ASCAP vs. Mobile Phone Users – The money song

It’s a bit out of character for me to take AT&T’s side anywhere. Yet when the
EFF reported on ASCAP’s lawsuit
against the telecom behemoth, this is exactly what I wound up doing.

This is the same ASCAP that tried to extort the Girl Scouts for singing
songs around campfires. Some of you may be less familiar with that story so I’ll post an excerpt of the Web site linked above:

After reportedly opening its negotiations with the American Camping Association with an offer of $1,200 per season per camp, ASCAP eventually settled on an average annual fee of $257. But once ASCAP’s plan went public, and people learned that the Girl Scouts were among the 288 camps being dunned, the group beat a hasty and embarrassed retreat.

This story does not mention the number of camps that would have had to pay this amount. Still, $257 times hundreds or thousands of camps across the US adds up to a huge chunk of change for someone.

Fred von Lehmann, who is credited for writing the EFF’s blog post, takes a no-nonsense approach towards blasting ASCAP for the lawsuit, citing a lesser-known part of the copyright act, 17 USC 110(4), and continuing with an excellent explanation of why ASCAP’s arguments are completely out of tune.

I can understand representing the interests of the composers, who have expenses just like the rest of us. However, there is a line between fair compensation and greed. ASCAP’s proposal crosses way over the line.

A lot of this could be avoided if copyright restrictions were capped to a sensible length of time. The original 28 years of US copyright law is much more reasonable than today’ length which is effectively forever (life of the author plus 75 years, and that’s if it doesn’t get extended yet again, which is always possible given the history of copyright law). Had we stuck with 28-year copyright, here’s a small sampling of what would be public domain today:

  • Any surviving recordings of sporting events held during or before 1980, including Super Bowls I through XIV and the World Series staged in those years
  • Any recordings of the Olympic games up to and including the XXII Summer Olympiad and XIII Winter Olympiad (both in 1980, held in Moscow and Lake Placid, respectively), which would include the original game tape of the 1980 Miracle on Ice
  • Every movie copyrighted in 1980 or earlier, including: Rollerball, The Godfather trilogy, the first two Star Wars movies (episodes IV and V), American Graffiti, and any film which predates these (a very long list indeed)

Of course, the list goes on and on far beyond what I could hope to include here. While I don’t realistically see us going back to 28-year copyrights, I do think the pendulum has swung way too far towards “copyright it now, it’s yours forever” and ASCAP’s greedy grab is only a symptom of the disease.

The plight of Numerama and the future of copyright

Torrentfreak reports on a story involving the French P2P news site Numerama and the French courts. The courts have ordered Numerama to publish extracts of convictions of 27 copyright violators.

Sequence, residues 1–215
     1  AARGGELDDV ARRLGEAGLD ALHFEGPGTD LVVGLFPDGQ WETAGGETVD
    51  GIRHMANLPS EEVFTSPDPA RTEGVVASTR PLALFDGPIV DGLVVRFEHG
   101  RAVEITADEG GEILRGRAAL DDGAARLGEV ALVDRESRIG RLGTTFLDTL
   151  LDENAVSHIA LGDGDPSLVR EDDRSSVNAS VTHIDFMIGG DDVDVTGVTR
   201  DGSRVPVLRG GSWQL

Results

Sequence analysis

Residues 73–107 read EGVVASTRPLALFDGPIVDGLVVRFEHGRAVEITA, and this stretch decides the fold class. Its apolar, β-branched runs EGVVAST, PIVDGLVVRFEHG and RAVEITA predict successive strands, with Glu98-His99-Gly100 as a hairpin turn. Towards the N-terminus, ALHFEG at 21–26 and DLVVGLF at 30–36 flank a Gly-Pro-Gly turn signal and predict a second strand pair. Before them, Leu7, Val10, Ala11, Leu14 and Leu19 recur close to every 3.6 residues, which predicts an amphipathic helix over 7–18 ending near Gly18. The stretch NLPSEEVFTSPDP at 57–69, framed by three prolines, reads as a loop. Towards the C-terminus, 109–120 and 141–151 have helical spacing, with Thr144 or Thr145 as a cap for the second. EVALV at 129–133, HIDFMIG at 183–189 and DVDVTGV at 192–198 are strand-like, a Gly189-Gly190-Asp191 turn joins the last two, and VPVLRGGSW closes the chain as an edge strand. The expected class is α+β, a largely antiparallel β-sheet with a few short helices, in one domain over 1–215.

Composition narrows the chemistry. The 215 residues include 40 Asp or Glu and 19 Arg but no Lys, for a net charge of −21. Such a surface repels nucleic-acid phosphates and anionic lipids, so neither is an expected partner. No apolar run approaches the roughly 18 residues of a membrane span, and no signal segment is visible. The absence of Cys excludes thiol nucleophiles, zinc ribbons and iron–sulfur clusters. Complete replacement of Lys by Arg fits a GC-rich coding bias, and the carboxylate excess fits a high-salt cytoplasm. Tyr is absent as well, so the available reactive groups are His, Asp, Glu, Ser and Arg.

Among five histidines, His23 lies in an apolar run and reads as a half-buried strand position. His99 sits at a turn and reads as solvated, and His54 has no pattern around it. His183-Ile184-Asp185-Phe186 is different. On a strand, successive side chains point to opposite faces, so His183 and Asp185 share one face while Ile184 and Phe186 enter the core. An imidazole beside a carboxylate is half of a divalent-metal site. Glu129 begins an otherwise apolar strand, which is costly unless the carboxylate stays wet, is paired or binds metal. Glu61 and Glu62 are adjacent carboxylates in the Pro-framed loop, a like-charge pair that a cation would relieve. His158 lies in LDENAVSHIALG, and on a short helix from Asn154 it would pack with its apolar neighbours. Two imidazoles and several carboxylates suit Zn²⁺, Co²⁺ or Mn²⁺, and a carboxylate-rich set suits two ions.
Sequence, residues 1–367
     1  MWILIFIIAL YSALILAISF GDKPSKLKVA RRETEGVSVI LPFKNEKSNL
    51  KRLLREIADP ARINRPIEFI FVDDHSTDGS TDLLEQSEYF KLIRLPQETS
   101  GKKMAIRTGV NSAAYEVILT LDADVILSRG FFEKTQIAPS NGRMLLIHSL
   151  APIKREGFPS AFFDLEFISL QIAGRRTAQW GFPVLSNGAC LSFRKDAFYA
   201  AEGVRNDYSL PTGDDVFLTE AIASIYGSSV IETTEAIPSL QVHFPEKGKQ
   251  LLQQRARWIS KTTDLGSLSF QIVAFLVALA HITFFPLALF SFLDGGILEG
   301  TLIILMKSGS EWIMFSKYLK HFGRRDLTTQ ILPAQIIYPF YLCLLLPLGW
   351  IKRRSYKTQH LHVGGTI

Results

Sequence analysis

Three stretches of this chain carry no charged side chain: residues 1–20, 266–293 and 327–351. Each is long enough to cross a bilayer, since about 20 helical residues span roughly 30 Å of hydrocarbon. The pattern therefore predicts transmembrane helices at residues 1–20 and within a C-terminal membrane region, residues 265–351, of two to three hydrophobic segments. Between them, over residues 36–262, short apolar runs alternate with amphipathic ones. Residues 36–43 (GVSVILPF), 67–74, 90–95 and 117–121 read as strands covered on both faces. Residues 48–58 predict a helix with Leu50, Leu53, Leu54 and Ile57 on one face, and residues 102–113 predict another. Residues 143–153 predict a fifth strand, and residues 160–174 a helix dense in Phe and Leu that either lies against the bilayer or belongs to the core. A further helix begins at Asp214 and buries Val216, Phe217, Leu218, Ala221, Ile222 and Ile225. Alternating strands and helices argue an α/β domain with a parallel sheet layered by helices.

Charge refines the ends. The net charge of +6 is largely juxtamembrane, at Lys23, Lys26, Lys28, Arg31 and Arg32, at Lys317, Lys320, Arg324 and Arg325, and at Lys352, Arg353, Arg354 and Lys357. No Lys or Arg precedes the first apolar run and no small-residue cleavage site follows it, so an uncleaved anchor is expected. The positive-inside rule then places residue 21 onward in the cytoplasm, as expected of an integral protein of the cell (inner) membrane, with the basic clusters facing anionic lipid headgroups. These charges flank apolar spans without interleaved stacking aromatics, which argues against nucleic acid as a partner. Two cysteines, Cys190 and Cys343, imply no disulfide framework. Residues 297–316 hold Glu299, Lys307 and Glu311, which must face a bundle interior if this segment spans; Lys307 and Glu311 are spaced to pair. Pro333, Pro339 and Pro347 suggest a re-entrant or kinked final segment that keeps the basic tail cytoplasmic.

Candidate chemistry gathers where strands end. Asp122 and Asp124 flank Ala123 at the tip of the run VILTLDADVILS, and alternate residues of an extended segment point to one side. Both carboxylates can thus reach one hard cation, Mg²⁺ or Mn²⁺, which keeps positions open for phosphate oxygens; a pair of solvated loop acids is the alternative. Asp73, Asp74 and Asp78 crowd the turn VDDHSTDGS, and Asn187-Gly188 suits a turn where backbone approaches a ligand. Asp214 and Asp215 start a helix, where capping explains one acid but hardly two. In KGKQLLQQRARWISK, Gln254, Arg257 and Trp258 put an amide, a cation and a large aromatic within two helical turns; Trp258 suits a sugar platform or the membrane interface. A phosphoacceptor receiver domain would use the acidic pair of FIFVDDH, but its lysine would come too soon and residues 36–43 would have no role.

Although the court is compensating Numerama to the tune of €10,000 (about US$14,000), it is not surprising that Numerana is a bit worried about taking money from the pro-copyright lobby, even if it is indirectly. Some creative uses for the money have been proposed, and they run the gamut from buying servers for a file-sharing network to a donation to the (unfortunately named) Swedish Pirate Party.

This order comes even though Numerama is not involved in any of the cases. Such appears to be the quirkiness of French law. I question the wisdom of the move, and would still question it even if I believed the draconian copyright enforcement we face today is justified (which I don’t). For one, Numerama’s readers will probably see these people as martyrs or even heroes. With this in mind it is not clear at all just what the copyright holders, through their trade organizations, intend to accomplish.

We live in an age where the previous scarcity of recorded media no longer exists because of the advance of technology. Records, tapes, even CDs in the early years cost what they did because it was expensive and difficult to make copies. Now, all one has to do to make a copy is frequently no more than dragging icons from one window to another, or even typing in a command like cp -a music /media/travel5. That’s still a lot easier and faster than hooking up a tape deck to a record player ever was.

What has been the response of trade organizations like the MPAA and RIAA? Higher prices, and vicious attempts to restrict the freedom of the users. Everything is bits, and bits can be copied over and over again with no loss of quality; rather than embrace this, the companies which make up the MPAA and RIAA have tried to layer scarcity on top of it via Digital Restrictions Management (DRM). This is doomed to failure (already, the RIAA has admitted this by allowing Apple and Amazon to sell MP3 files without DRM).

Let’s define what copying, recording, and playback are, fundamentally (this is really as simple as it gets):

  • Copying is reading bits from a storage device (CD, DVD, hard drive, SD card) and writing the same bits again to another storage device.